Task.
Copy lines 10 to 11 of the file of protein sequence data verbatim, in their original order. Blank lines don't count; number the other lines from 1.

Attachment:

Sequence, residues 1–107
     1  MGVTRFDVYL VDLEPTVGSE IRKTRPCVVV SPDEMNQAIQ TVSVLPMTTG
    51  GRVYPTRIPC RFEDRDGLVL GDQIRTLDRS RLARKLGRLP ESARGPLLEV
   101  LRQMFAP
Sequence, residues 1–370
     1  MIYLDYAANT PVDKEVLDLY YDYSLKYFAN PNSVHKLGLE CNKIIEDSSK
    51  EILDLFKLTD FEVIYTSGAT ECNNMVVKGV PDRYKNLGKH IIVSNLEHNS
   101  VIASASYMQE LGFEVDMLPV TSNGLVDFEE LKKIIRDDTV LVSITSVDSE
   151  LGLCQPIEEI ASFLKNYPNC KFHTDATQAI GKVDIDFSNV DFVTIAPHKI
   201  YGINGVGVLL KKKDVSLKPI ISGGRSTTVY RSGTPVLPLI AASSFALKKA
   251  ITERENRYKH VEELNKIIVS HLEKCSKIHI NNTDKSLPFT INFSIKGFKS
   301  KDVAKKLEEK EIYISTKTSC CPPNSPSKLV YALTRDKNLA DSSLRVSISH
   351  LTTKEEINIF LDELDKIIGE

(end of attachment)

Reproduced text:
   201  YGINGVGVLL KKKDVSLKPI ISGGRSTTVY RSGTPVLPLI AASSFALKKA
   251  ITERENRYKH VEELNKIIVS HLEKCSKIHI NNTDKSLPFT INFSIKGFKS